Discovering Louisiana

Discovering Louisiana

by C. C. Lockwood
     
 

Discovering Louisiana is a beautiful paean to the state's diverse natural habitats, from the hills and piney woods in the north to the thousands of miles of shoreline in the south. As the book's 150 color photographs reveal, Louisiana is much more than the swamps and marshes with which it is most often associated.

C. C. Lockwood, one of the nation's outstanding

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Overview

Discovering Louisiana is a beautiful paean to the state's diverse natural habitats, from the hills and piney woods in the north to the thousands of miles of shoreline in the south. As the book's 150 color photographs reveal, Louisiana is much more than the swamps and marshes with which it is most often associated.

C. C. Lockwood, one of the nation's outstanding nature and wildlife photographers and the premier chronicler of the natural wonders of Louisiana and the Gulf region, captures splendid views — both panoramic and intimate: the jagged bluffs of the Tunica Hills in West Feliciana Parish; cascading waterfalls and winding creeks in the Kisatchie National Forest in central Louisiana; and unobstructed autumnal vistas from the summit of Bates Mountain, near Shreveport. Lockwood travels along many of the state's scenic rivers and lakes, photographing the mist-shrouded Bogue Chitto River at dawn; the steep, sandy banks of Saline Bayou, which is bordered by towering hardwood trees; and the vast, blue expanse of Lake Pontchartrain, the state's largest lake. He returns to his beloved Atchafalaya, the swamp area that is home to a teeming abundance of wildlife, including raccoons, nutria, alligators, snakes, turtles, egrets, herons, owls, and eagles. He travels to the state's prairies, bogs, and cheniers, which, though small in size, nonetheless are very important for the state's wildlife community. Finally, he visits the coast, where he photographs an amazing array of birds on the barrier islands.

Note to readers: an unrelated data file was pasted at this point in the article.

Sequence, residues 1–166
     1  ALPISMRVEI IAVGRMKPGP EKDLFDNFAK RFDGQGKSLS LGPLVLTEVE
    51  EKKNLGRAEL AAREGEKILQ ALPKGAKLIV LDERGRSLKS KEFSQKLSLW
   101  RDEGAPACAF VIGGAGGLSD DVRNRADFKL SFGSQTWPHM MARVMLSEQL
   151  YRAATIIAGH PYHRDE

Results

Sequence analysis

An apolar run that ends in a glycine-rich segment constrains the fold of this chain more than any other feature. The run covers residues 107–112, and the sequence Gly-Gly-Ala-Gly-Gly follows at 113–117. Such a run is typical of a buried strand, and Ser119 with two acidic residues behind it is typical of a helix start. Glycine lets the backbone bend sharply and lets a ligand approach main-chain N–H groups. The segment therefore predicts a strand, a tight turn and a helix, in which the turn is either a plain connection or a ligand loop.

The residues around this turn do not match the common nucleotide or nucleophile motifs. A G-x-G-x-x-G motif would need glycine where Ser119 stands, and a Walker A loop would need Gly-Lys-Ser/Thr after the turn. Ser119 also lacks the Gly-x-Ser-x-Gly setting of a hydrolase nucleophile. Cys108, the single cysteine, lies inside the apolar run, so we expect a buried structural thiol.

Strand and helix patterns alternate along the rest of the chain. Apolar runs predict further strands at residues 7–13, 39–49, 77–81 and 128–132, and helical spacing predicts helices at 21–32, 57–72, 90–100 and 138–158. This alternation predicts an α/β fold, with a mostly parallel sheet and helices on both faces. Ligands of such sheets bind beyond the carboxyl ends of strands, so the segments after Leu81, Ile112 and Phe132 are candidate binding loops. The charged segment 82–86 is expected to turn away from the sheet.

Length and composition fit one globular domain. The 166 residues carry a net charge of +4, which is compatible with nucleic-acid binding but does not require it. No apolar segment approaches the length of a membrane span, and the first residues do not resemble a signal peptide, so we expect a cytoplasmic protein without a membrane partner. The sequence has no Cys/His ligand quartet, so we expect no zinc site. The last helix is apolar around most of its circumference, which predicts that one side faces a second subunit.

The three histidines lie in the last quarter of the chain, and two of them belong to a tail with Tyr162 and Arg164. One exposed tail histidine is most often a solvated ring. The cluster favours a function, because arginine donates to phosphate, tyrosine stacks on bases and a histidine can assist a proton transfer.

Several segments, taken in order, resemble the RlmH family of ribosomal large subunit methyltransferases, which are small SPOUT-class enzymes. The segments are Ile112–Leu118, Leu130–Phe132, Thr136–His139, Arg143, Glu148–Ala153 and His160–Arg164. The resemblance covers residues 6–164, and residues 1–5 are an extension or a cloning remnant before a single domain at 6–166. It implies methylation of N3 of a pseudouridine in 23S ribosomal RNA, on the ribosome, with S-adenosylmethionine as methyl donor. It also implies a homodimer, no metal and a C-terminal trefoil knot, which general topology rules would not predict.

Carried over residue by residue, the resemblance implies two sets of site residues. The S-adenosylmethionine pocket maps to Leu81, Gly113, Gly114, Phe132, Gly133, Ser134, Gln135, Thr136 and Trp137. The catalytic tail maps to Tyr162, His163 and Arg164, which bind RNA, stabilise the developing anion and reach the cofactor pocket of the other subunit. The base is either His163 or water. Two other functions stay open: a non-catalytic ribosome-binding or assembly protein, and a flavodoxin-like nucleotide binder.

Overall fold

Lockwood augments his breathtaking photographs with an engaging first-person narrative account of his adventures. He describes the idyllic pleasures of a hundred-mile, five-day canoe trip down the Bogue Chitto and West Pearl rivers, the anticipation of climbing the state's highest peak, Driskill Mountain, and the dangers of trying to navigate five-foot swells in Terrebonne Bay. Throughout the book, Lockwood skillfully conveys the magic that he finds in all of Louisiana and the concern he feels for the state's fragile ecosystem.

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Editorial Reviews

Publishers Weekly - Publisher's Weekly
The state boasts 49 scenic rivers and six champion trees, including the nation's largest bald cypress (53 feet in circumference). Though its highest point, Driskill Mountain, is only 535 feet above sea level, Louisiana has plenty of rugged terrain. As Lockwood, author-photographer of The Gulf Coast, explores the natural history of Louisiana, he finds treasures galore in its varied landforms, colorful vegetation and diverse wildlife. His account of journeys by canoe and on foot is amplified by dramatic photographs of sparkling creeks and muddy bayous, sandy bluffs and vast shorelines, forested hills in the north and wildlife at the oil rigs. In the marshes, deer have wider hooves than elsewhere, the better to move in soggy soils. Both the coast and diversified forests are in jeopardy due to erosion and monoculture tree farming. Lockwood gives the reader a grand tour of Louisiana's wild places. (September 30)

Product Details

ISBN-13:
9780807113356
Publisher:
Louisiana State University Press
Publication date:
07/28/1986
Pages:
150
Sales rank:
1,324,545
Product dimensions:
9.30(w) x 12.00(h) x 0.80(d)

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